There always is a lot of talk about Mikrotik RouterOS CPU usage. I wanted to take a few minutes and go over a real-world example and explain some of the ins and outs when discussing Mikrotik CPU usage.

Let’s talk about the router in question. This is a CCR1016-12s-1S+. This is a 16 core 1.2GHz per core and 2GB RAM tilex based router. It is currently pulling in 1,764,849 IPv4 routes. There are two transit provider BGP feeds, multiple direct peers, an Internet Exchange peer to dual-route servers. The router handles a little over 3 gigs of routed traffic at peak times. Most of the traffic is on VLANs coming from a Cisco switch to the SFPPlus port.

One of the first things people turn on is the overall CPU usage within winbox. I like to think of this as an overall view of the CPUs on this router. Keep in mind there are 16.

Th next thing to investigate when it comes to CPU is to open up System..resources. Once there clock on CPU.

Mikrotik System..resources

It will then bring up a screen that looks like the following.

Oh My we have 100% CPU! Must replace this router ASAP! Calm down, remember you have 16 cores. So, why is this CPU at 100% and what ramifications does this have?

Remember earlier when we talked about BGP? In Mikrotik, BGP is not a multi-core aware process. This means BGP is limited to just one core to do it’s work. Since there are always routes being withdrawn and re-added to the routing table it is a busy process. Lots of math calculations going on. The key thing is this is expected behavior on a router running multiple BGP peers such as this one. This is not a bad thing, but not ideal. Throwing more cores at BGP is not the answer. Optimizing the process, as it has been done in V7 is the way to go.

If we expand the CPU window we will notice other processes are multi-core aware and.or are spreading their load among different cores.

As you can see we are in pretty good shape. We have a few CPUs above 50% utilization but, only a few. I will keep reminding you of the fact we have 16 of them.

Closing notes:
Diagnosing CPU issues can get a little complicated because routers like the 3011 have some have the majority of their ports shared with a single CPU bus.  https://wiki.mikrotik.com/images/f/f3/Switch_chip_block_diagram.png. As you can tell in the diagram there are 5 ports which share 1 Gig to the CPU.  The fact that an actual switch chip with hardware offloading is in the middle helps, but the bus is still oversold.  This is one reason consolidating routers to an actual switch will make a difference.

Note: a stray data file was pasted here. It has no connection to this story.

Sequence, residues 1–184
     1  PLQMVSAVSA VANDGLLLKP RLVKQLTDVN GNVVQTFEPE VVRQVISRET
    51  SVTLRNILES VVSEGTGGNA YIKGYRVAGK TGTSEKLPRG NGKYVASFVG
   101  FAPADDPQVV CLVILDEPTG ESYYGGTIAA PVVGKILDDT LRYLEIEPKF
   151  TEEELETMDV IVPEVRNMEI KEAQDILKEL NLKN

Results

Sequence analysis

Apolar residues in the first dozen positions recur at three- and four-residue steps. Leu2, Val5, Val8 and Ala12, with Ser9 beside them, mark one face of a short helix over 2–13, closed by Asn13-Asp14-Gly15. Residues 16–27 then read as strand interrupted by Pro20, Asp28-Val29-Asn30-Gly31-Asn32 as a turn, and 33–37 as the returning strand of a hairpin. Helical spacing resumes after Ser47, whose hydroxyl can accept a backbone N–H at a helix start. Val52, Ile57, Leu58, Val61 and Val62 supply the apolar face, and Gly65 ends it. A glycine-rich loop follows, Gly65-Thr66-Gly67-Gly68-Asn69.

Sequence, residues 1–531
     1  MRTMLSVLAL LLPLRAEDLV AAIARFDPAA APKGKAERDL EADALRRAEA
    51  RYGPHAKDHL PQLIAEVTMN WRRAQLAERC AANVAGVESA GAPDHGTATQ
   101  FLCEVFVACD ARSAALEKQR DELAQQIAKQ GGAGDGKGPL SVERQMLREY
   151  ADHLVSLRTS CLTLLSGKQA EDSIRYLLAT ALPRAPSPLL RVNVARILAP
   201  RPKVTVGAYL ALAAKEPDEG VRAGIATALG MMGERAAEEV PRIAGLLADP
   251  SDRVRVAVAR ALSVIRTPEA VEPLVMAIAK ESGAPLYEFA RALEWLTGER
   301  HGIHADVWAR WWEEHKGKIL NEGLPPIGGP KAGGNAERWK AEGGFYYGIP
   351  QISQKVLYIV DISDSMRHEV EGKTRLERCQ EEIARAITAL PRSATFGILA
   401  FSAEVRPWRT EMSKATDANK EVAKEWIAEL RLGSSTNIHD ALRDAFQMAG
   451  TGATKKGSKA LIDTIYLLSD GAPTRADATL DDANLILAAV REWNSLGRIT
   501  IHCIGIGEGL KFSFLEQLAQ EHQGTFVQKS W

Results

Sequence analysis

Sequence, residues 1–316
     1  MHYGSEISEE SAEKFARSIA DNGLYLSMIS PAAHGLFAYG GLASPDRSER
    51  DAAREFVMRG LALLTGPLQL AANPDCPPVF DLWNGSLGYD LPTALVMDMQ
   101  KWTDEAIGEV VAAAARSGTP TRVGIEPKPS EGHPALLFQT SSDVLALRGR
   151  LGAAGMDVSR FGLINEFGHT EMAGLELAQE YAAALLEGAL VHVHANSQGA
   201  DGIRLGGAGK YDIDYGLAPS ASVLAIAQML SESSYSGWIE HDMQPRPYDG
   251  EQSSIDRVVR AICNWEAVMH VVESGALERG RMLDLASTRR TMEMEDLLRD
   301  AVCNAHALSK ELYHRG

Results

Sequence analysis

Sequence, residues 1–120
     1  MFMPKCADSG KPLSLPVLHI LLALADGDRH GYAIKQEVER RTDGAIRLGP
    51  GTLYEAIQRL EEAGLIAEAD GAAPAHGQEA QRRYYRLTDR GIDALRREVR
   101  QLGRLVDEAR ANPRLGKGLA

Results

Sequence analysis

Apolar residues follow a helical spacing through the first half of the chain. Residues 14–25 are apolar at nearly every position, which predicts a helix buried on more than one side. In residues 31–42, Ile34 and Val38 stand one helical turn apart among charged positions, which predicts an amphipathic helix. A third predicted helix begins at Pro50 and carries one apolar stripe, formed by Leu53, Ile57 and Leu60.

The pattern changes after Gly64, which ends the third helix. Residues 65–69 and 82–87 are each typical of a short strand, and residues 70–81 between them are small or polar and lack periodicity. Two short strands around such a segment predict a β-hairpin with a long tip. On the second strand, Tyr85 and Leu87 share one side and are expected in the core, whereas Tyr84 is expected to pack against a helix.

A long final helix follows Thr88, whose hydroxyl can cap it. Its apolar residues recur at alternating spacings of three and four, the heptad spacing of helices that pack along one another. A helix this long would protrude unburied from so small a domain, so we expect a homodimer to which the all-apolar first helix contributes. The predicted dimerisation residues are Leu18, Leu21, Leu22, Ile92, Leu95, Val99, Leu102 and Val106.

Janis Megis from Mikrotik had presentation at MUM, which is a little older now, still sheds a lot of light on how Mikrotik CPU works.  https://mum.mikrotik.com/presentations/US10/Megis.pdf There is some pretty interesting stuff starting on page 14

With Mikrotik switching to ARM processors we will see huge differences with them and RotuerOS7. We will see less cores, but better utilization of those cores. The new 2004 with all SFP and 2 25 gig ports only has 4 CPU.

So the next time you look at a router, take a few moments to see how utilized the entire CPU architecture is instead of just one CPU.

#packetsdownrange #mikrotik

Hurricane Electric Route Filtering Algorithm

The following is from http://routing.he.net/algorithm.html . This outlines the criteria HE.NET uses for filtering routes from peers and customers.

This is the route filtering algorithm for customers and peers that have explicit filtering:

1. Attempt to find an as-set to use for this network.
1.1 Inspect the aut-num for this ASN to see if we can extract from their IRR policy for what they would announce to Hurricane by finding export or mp-export to AS6939, ANY, or AS-ANY.
1.2 Also see if they set what looks like a valid IRR as-set name in peeringdb.

2. Collect the received routes for all BGP sessions with this ASN. This details both accepted and filtered routes.

3. For each route, perform the following rejection tests:
3.1 Reject default routes 0.0.0.0/0 and ::/0.
3.2 Reject paths using BGP AS_SET notation (i.e. {1} or {1 2}, etc). See draft-ietf-idr-deprecate-as-set-confed-set.
3.3 Reject prefix lengths less than minimum and greater than maximum. For IPv4 this is 8 and 24. For IPv6 this is 16 and 48.
3.4 Reject bogons (RFC1918, documentation prefix, etc).
3.5 Reject exchange prefixes for all exchanges Hurricane Electric is connected to.
3.6 Reject routes that have RPKI status INVALID_ASN or INVALID_LENGTH based on the origin AS and prefix.

4. For each route, perform the following acceptance tests:
4.1 If the origin is the neighbor AS, accept routes that have RPKI status VALID based on the origin AS and prefix.
4.2 If the prefix is an announced downstream route that is a subnet of an accepted originated prefix that was accepted due to either RPKI or an RIR handle match, accept the prefix.
4.3 If RIR handles match for the prefix and the peer AS, accept the prefix.
4.4 If this prefix exactly matches a prefix allowed by the IRR policy of this peer, accept the prefix.
4.5 If the first AS in the path matches the peer and path is two hops long and the origin AS is in the expanded as-set for the peer AS and either the RPKI status is VALID or there is an RIR handle match for the origin AS and the prefix, accept the prefix.

5. Reject all prefixes not explicitly accepted

Don’t try this at home kids. Automated BGP Optimization

https://radar.qrator.net/blog/as10990-routing-optimization-tale
Conclusion? Do not try to optimize the routes with automated software – BGP is a distance-vector routing protocol that has proved, throughout the years, its ability to handle the traffic. Software, wanting to “optimize” the system involving thousands of members would never be smart enough to compute all the possible outcomes of such manipulation.

Network troubleshooting tools

Recently, there was a thread on the NANOG list asking what were somne favorite network troubleshooting tools. I have taken many of these tools and created the following list.

http://ping.pe/
Simple pingport and dig commands

https://mtr.sh/
BGP Looking glass

https://perfops.net/mtr-from-world
Traceroute from various hosts on the net

http://www.traceroute6.net/
IPV6 tools (ping,traceroute,etc)

https://dnsviz.net/
Carious DNS tools

http://irrexplorer.nlnog.net/
Routing Registry object explorer

https://mxtoolbox.com/
DNS and Mail tools